James Kimeu – Steering the Strathmore University Foundation
What is your ultimate goal in life?
To find purpose and meaning by doing positive things that impact others in society. It’s always important to do work that is meaningful and beyond the income you make. Do something that makes you feel challenged and want to get up every morning. Bettering others’ lives by your work and what you engage with every day, is what keeps me going.
How was the Strathmore Foundation established?
Before the Strathmore University Foundation was set up, we used to have the advancement office, which most of the higher learning institutions had a platform to fundraise, engage alumni, and do social justice work in society. Even before then, we used to have the likes of the founding fathers of Strathmore, who would raise money to help the poor. About five/six years ago, the University Foundation was set up as a company registered by guarantee fully owned by the University and for the purpose of facilitating resources to the University. This explains how we can be part of finding solutions that do not require students to pay more tuition or direct grant research funds, but rather money that can come from goodwill and can further the SU mission.
What is the impact of the Strathmore Foundation?
We have three strategic pillars with the biggest one being strategic partnerships. This involves collaboration in the University, from talking with Dean’s departments to various people on the campus as we grow initiatives together.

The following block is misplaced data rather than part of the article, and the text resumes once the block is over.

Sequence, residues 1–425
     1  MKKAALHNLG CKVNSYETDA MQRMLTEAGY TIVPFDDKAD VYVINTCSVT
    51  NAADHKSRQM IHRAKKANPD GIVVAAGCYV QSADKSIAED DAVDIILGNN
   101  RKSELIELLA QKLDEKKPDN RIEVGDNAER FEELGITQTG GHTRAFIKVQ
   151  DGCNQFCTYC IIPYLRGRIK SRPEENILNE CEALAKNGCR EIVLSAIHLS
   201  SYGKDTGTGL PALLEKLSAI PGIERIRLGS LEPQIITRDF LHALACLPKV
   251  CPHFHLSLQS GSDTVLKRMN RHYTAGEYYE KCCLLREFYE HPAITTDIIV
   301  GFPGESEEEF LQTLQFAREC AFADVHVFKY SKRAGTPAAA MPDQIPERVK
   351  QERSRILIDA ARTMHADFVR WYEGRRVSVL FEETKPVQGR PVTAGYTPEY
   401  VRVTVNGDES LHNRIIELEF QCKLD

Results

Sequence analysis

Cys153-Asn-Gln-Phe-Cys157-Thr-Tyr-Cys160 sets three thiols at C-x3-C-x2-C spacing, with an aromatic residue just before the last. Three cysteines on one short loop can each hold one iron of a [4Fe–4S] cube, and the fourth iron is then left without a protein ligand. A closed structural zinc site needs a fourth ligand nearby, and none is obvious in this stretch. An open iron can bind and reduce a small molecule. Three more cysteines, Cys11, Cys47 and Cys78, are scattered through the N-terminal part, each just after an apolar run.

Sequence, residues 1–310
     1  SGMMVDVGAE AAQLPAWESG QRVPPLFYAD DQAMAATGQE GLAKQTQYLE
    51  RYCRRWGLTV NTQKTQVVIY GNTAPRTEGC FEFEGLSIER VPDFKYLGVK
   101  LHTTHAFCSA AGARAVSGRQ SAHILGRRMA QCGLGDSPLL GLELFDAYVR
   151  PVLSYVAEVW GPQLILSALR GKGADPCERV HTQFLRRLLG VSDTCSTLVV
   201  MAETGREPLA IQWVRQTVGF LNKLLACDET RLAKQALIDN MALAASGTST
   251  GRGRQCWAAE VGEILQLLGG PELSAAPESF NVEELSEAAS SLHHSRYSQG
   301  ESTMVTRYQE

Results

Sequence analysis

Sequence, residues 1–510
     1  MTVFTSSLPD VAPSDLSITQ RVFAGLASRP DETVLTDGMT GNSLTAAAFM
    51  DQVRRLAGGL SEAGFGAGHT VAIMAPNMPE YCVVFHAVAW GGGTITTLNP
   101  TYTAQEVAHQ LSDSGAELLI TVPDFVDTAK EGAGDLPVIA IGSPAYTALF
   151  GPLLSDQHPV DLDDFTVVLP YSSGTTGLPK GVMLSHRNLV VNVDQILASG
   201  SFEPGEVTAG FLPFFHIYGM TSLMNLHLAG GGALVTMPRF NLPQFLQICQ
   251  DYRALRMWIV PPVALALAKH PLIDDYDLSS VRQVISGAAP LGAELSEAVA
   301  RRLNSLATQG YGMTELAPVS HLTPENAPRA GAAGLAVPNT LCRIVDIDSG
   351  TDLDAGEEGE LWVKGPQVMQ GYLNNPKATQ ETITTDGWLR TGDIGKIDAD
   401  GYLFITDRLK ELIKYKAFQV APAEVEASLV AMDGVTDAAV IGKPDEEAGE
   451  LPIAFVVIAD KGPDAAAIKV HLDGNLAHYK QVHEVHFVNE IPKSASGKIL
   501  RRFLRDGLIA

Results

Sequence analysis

We are not the gurus of fundraising, so we give the opportunity and a platform where people can come, and share ideas. We partner with companies, entities, and trust organizations so that we can identify the common goal or shared value. The second pillar is teaching or encouraging philanthropy and fundraising in society. What does that mean to people? How can people participate? Sometimes, I think when people talk about philanthropy, giving and support, they think of WhatsApp groups, but it’s beyond that. It’s more to the core of your heart. Do you insert it in your monthly budget, so that every month you know, 1% of my income goes to charity? It’s a moment to teach, interact and engage.
The third pillar is the sustainability of the University. This is where we talk about major grand projects like the development of buildings and other infrastructure, and endowments, a gift that is continuous giving by investing a large sum of money and using the profits out of that.
Thirteen percent of Strathmore University students are on scholarships. Therefore, it is important for people to realize these are not strangers, these are people they know, the people they work with, study, live and eat with. This forms our goal and purpose: How do we bring the consciousness of being generous to the rest of the world?
How was the VC Run conceptualized?
Initially, the Vice Chancellor’s run was a Strathmore University Foundation idea. Somebody whispered to me and said, “Do you know, we could be the only University in this country that has a Vice-Chancellor who can run? What can we do with that?” And it became a challenge.